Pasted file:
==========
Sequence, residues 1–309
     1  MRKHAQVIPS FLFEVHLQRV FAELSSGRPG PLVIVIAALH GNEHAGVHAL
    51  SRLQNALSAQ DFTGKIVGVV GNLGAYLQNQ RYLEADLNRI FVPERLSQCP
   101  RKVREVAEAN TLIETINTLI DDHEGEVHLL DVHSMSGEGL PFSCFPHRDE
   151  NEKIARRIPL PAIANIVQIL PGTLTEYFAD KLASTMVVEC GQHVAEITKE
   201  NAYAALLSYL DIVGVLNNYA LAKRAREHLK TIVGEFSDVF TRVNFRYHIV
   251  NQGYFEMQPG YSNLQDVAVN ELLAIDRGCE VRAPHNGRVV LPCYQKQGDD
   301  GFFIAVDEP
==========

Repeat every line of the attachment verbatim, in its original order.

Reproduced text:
Sequence, residues 1–309
     1  MRKHAQVIPS FLFEVHLQRV FAELSSGRPG PLVIVIAALH GNEHAGVHAL
    51  SRLQNALSAQ DFTGKIVGVV GNLGAYLQNQ RYLEADLNRI FVPERLSQCP
   101  RKVREVAEAN TLIETINTLI DDHEGEVHLL DVHSMSGEGL PFSCFPHRDE
   151  NEKIARRIPL PAIANIVQIL PGTLTEYFAD KLASTMVVEC GQHVAEITKE
   201  NAYAALLSYL DIVGVLNNYA LAKRAREHLK TIVGEFSDVF TRVNFRYHIV
   251  NQGYFEMQPG YSNLQDVAVN ELLAIDRGCE VRAPHNGRVV LPCYQKQGDD
   301  GFFIAVDEP